In Singapore, VGS has implemented precautionary measures including work-from-home and split team arrangements to safeguard the wellbeing of our staff and that of our customers. Some of our frontline representatives and backend operations may not be at full capacity. Nonetheless, our teams are working hard and navigating all options to ensure we deliver our promise to customers as timely as possible.  

What about future orders?  

Currently, the Volkswagen brand has taken the necessary measure to suspend production at our European factories initially for an estimated ten business days only. As the COVID-19 situation is highly volatile, we will have to closely monitor the situation and manoeuvre through the uncertainties that lie ahead.  

In the meantime, we are making full use of our business continuity measures to ensure that deliveries of cars continue as planned.  

How long do you see this situation lasting?  

The coronavirus crisis is unprecedented and no one is able to gauge the extent of its impact or make a reliable forecast.  But even as the epidemic continues to expand, the Volkswagen Group will continue to operate on the basis that the health and wellbeing of our entire community remains our top priority.

The Shutdown List

We’ve included factories that are known to build cars sold in Singapore, and have omitted North American unless relevant.

BMW – has shutdown its Europe and South African factories until April 19, its US production, where it makes X series SUVs, is continuing production

Mini is stopping production until April 17 at its UK plants, while Rolls-Royce is doing similar for four weeks until mid-April

Honda – has stopped production at its UK factories, but there is no indication of its Japan or Thailand factories doing the same. 

Citroen /Peugeot/Opel – parent company PSA is closing its European factories until early April.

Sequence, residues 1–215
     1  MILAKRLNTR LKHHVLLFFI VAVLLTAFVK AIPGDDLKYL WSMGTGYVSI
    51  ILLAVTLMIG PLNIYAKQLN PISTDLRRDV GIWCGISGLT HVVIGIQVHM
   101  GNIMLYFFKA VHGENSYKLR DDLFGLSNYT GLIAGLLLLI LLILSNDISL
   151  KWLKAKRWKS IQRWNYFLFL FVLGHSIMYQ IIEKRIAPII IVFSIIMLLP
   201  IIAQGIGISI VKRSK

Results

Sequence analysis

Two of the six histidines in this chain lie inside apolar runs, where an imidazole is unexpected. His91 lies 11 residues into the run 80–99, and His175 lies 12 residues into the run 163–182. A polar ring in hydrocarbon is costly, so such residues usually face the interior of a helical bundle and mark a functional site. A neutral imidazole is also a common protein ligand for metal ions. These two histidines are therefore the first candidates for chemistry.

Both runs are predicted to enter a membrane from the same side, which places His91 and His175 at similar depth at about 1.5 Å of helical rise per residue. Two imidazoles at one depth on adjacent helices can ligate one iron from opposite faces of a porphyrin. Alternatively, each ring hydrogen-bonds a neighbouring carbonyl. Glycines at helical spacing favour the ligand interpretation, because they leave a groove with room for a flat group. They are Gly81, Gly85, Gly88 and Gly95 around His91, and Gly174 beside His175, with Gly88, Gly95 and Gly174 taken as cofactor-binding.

Ferrari – has stopped its production in Modena, being one of the first places in Italy to face the lockdown, and will continue into April.

Fiat Chrysler – Fiat/Chrysler/Maserati has stopped production in Europe until early April.

Hyundai/Kia – The chaebol shut its factories in February due to NCOV but has since resumed production. 

Jaguar Land-Rover – has suspended production

Mercedes-Benz – parent company Daimler has ceased most of its European production this week

Nissan – Has stopped production at its UK Sunderland plant, which is where the Qashqai is made 

Renault – has shut its factories in France 

Toyota – has stopped European production 

Volkswagen Group – Audi, Bentley, Bugatti, Seat, Skoda, Volkswagen – announced on Tuesday March 17 that it would stop production in Europe until mid-April.

Volvo – has also ceased its European output from March 26 until April 14 

about the author

Derryn Wong
CarBuyer's chief editor has a keen interest in all things mechanical, technological, animal and mineral. He's particularly fascinated by eco-cars and cars which make no logical sense. An avid motorcyclist and photographer, he also enjoys cats. Follow him on Instagram @werryndong